By Jeffrey Young - 11/05/09 04:55 PM EST
Democrats scored a huge coup Thursday when the AARP announced its endorsement of the House healthcare bill.
The public support from the seniors’ lobby comes just two days before House members are set to vote on the landmark legislation.
While the endorsement hardly guarantees success for the Democrats, the group has a fearsome track record of getting its way in major political debates. The AARP played a decisive role in derailing President George W. Bush's effort to add private investment accounts to Social Security in 2005. Two years prior, the AARP enraged Democrats by endorsing and helping to enact Bush's plan to add a prescription drug benefit to Medicare.
Polls have shown senior citizens to be the hardest segment of society to win over on healthcare reform. An intensified effort by the AARP could provide a significant boost to the effort.
President Barack Obama and congressional Democrats have aggressively courted the AARP's backing all year. To this point, the organization had withheld an endorsement, at one point even demanding Obama retract a statement he made this summer prematurely claiming the AARP's endorsement.
But the AARP had practically done everything but endorse the Democrats' bills. On its own and in coalitions with business and consumer groups, the AARP has spent millions over the past two years promoting healthcare reform. In addition, the group has used its formidable grassroots network to sell reform to skeptical older Americans and pushed back hard against conservative claims that the Democratic legislation would cut Medicare benefits, enforce government rationing of healthcare services and establish "death panels" to deny care to people near the end of life.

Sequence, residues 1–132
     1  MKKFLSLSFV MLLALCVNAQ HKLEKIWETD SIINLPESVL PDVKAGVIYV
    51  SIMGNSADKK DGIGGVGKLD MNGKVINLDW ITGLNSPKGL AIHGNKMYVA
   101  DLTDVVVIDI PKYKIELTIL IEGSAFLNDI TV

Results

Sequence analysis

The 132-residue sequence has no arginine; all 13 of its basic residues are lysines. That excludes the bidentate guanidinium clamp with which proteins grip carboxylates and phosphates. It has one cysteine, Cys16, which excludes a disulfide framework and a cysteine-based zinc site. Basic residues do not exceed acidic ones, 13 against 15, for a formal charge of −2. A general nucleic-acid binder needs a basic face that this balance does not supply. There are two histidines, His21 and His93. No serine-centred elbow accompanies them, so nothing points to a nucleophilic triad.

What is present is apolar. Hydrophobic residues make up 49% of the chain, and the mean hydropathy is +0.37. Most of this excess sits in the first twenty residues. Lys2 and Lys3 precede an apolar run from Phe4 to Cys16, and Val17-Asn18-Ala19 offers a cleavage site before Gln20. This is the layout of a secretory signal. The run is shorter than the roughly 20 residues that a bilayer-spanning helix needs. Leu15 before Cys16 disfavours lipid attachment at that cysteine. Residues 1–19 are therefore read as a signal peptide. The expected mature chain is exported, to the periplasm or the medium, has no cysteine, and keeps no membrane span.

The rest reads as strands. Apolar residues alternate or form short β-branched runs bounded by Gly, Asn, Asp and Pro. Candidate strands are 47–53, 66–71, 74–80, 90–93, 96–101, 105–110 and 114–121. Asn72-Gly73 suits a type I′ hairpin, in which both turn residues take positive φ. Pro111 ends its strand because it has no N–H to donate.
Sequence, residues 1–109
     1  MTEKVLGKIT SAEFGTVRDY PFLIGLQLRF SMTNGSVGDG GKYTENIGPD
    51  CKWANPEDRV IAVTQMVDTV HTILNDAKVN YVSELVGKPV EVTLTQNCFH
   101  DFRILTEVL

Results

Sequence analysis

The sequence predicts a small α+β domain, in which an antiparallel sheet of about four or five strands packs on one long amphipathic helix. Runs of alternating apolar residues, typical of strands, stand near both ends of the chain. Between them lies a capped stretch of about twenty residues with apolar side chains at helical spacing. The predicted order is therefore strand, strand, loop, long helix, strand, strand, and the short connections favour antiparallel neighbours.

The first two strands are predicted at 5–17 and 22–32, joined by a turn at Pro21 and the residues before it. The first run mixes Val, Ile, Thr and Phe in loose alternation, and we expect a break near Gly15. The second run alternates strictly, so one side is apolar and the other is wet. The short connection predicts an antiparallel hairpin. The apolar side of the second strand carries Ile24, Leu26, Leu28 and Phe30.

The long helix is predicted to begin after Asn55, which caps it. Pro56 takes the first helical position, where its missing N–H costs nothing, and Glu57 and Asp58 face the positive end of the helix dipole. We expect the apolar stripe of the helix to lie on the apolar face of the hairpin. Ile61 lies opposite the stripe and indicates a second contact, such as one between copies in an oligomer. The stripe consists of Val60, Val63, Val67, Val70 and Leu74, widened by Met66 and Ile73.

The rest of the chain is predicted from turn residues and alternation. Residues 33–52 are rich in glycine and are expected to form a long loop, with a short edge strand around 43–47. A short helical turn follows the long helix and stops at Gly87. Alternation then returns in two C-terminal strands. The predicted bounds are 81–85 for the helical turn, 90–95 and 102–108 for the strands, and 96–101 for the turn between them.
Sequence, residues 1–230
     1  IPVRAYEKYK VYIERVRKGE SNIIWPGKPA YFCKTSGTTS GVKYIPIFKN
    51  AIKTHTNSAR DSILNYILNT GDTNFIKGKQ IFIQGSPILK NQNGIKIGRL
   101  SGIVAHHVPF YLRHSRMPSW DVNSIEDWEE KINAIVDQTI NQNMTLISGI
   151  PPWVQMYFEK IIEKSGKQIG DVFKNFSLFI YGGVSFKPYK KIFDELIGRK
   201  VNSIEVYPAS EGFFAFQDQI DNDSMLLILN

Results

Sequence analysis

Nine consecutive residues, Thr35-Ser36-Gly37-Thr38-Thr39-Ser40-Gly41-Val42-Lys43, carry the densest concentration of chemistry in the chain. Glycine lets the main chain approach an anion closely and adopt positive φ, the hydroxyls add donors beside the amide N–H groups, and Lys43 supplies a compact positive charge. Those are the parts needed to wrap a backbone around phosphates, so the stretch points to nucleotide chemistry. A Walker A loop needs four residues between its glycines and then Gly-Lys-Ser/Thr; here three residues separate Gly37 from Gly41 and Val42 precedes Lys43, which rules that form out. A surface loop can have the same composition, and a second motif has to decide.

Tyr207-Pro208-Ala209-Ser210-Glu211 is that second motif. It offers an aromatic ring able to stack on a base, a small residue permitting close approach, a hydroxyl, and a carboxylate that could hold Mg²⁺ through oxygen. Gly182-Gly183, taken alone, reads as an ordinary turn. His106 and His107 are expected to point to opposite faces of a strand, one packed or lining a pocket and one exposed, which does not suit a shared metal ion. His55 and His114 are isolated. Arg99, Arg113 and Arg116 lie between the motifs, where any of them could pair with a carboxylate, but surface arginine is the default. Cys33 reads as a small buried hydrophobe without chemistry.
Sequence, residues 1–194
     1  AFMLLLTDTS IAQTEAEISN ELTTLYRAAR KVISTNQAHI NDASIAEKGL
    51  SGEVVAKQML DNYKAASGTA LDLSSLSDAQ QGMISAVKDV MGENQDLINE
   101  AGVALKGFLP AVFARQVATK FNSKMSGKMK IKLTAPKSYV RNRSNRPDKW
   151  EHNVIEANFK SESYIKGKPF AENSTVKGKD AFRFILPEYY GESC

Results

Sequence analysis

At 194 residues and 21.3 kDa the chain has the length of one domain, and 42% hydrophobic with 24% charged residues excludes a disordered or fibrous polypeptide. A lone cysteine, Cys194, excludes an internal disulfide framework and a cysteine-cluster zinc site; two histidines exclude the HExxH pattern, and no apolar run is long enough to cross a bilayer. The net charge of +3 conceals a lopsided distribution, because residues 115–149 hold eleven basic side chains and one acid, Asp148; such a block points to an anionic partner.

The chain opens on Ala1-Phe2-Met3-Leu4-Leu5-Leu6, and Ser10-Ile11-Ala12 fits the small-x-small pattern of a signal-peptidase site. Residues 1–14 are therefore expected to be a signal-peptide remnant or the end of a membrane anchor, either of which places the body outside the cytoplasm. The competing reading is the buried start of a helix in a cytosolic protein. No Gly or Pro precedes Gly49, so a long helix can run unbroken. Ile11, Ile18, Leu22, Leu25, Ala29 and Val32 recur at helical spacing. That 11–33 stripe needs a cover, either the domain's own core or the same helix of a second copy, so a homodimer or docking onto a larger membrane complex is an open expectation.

The bill includes numerous major priorities for the AARP. Under the House legislation, a gap in Medicare's drug coverage would be eliminated and the government would be permitted to directly negotiate drug prices for the program. In addition, health insurance market reforms would limit insurers' ability to deny coverage and charge higher premiums to older Americans, while subsidies would be provided to help low- and moderate-income people to pay for insurance.
“These same people who are raising some of these objections are people who have in the past voted for very stiff reductions in Medicare benefits and rates,” said John Rother, the AARP’s executive vice president of policy and strategy.
Indeed, the AARP is supporting a bill that would cut hundreds of billions of dollars from Medicare, though Democrats insist those spending reductions will not negatively affect benefits. Big cuts to funding for private Medicare Advantage plans, however, could likely lead to the extra benefits being scaled back for some beneficiaries.
The AARP's prominent role in promoting healthcare reform has also fomented dissent within its ranks. AARP executives have acknowledged that its conservative members have objected to its perceived support of Obama's agenda, with a few thousand of them quitting in protest.
“We believe,” Rand said, that “more people will be interested in lower-cost healthcare than being mad at AARP” and that the group will actually gain members as a result of its support for the House bill.
The AARP will not take a position on the Senate’s version of healthcare reform until Majority Leader Harry Reid (D-Nev.) unveils the legislation, Rother said.
This story was updated at 1:30 p.m.